The wonderful divisibility of the into them; but likewise of remaining parts of matter is in nothing more ap- within them; and, in many cases, the parent than in the minuteness of the light thus absorbed may afterwards be particles of light. This divisibility of extricated without its having undermatter in general, may indeed be ma- gone any alteration. Mr. Capton thematically proved to be capable of made some ingenious experiments on being carried on ad infinitum ; but this subject.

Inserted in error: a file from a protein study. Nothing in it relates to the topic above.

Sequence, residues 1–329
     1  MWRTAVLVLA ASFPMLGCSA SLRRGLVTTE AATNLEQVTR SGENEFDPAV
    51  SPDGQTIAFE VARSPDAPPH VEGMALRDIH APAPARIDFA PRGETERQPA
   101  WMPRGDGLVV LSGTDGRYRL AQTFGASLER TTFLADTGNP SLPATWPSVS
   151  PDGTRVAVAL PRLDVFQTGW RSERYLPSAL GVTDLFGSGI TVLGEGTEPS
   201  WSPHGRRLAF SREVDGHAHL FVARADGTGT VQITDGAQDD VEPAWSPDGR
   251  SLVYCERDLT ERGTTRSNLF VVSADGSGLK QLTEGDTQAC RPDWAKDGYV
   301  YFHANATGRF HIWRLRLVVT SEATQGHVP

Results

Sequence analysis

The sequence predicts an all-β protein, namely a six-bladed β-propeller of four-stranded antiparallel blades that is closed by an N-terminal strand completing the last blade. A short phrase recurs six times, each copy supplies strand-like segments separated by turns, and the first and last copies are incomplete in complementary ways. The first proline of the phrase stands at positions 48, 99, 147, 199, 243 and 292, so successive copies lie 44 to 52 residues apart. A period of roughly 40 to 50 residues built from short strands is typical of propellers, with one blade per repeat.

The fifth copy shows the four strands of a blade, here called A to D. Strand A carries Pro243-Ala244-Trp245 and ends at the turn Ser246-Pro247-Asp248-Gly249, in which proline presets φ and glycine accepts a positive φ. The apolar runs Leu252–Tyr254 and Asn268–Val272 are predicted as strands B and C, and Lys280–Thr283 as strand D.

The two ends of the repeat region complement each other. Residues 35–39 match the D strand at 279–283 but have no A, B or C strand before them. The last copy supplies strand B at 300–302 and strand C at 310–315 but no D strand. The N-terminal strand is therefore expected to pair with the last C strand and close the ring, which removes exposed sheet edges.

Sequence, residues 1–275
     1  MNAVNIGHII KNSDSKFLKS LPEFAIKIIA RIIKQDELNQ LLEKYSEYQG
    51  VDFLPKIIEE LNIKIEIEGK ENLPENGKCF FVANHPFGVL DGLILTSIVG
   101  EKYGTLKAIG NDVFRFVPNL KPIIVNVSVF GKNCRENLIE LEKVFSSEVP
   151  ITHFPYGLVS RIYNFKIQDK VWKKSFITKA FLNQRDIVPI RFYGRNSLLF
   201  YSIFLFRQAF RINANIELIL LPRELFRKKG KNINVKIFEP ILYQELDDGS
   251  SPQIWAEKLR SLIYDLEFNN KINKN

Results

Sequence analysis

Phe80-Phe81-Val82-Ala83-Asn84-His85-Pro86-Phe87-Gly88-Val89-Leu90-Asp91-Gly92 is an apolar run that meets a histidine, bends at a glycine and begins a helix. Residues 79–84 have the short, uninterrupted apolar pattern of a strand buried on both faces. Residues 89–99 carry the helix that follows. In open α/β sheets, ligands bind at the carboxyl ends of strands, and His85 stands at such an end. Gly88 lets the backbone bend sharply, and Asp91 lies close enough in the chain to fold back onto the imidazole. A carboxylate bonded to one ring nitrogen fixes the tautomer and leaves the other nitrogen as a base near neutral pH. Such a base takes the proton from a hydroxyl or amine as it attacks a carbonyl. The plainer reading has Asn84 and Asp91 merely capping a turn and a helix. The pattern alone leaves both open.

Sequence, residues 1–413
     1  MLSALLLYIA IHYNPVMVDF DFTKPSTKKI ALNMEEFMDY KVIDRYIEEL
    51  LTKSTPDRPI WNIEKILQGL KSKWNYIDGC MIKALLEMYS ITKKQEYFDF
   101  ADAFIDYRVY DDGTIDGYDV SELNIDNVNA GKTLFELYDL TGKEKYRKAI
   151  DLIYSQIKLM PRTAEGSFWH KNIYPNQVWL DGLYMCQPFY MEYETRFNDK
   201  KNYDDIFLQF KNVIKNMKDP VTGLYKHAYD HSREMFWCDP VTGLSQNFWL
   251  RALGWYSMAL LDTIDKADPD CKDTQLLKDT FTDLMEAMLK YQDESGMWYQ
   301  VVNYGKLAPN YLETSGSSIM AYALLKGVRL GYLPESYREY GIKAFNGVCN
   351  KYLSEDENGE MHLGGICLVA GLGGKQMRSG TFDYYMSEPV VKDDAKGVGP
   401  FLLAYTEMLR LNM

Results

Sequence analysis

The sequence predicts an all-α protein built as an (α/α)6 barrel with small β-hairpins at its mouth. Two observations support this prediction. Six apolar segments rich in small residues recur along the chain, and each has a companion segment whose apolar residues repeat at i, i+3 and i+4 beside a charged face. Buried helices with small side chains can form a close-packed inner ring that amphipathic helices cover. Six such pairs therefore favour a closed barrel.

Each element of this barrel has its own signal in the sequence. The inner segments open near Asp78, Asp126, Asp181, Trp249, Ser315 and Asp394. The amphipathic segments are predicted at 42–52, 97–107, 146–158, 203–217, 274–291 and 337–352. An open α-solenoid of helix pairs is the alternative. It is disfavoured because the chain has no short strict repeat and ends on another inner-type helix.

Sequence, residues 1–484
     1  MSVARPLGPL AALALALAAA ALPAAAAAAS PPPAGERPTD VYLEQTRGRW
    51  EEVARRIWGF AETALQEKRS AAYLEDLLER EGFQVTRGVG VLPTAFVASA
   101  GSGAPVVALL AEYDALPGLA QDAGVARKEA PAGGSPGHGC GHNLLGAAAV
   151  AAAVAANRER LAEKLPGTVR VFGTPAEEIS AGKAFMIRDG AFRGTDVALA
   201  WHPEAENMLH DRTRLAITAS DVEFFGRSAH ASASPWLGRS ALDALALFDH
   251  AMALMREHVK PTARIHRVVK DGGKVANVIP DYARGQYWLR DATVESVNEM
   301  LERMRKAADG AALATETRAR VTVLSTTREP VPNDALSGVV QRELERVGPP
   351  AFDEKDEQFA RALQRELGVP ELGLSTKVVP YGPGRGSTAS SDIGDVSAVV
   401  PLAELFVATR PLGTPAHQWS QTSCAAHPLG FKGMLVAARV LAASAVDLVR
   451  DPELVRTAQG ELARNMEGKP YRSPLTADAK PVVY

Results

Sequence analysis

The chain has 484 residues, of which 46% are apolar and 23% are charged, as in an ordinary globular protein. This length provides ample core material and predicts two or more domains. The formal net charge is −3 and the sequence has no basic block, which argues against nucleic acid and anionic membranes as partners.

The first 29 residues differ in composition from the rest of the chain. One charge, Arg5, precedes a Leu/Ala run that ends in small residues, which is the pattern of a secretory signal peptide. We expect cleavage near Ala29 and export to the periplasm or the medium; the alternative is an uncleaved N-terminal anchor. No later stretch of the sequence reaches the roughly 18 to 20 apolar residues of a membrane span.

He calcined* some oysthough we are constrained to admit the ter-shells in a good fire for half an possibility of the fact, yet we cannot hour, and then pounded and sifted the form any just idea respecting it. The purest part of them. Three parts of same difficulty of apprehension will at- this powder were mixed with one part tach to the minuteness of the particles of the flowers of sulphur, and rammed of light : but still it has satisfactorily into a crucible, which was kept red hot been shown, that a single inch of can- for an hour. The brightest parts of dle, while burning, is capable of giving the mixture were then scraped off, and out particles to the amazing number of kept in dry well-stopped phials for 269,617,040, with forty cyphers an- use. If they be exposed for a short nexed; at which rate there must issue, time to the rays of the sun, they will during one second of time, a number of thus acquire the property of emitting particles “ vastly more a thousand light in the dark, so as 10 enable a pertimes a thousand million times the num- son to distinguish the hour on his ber of sands which the whole earth it- watch. After some time, it ceases to self could contain, provided the whole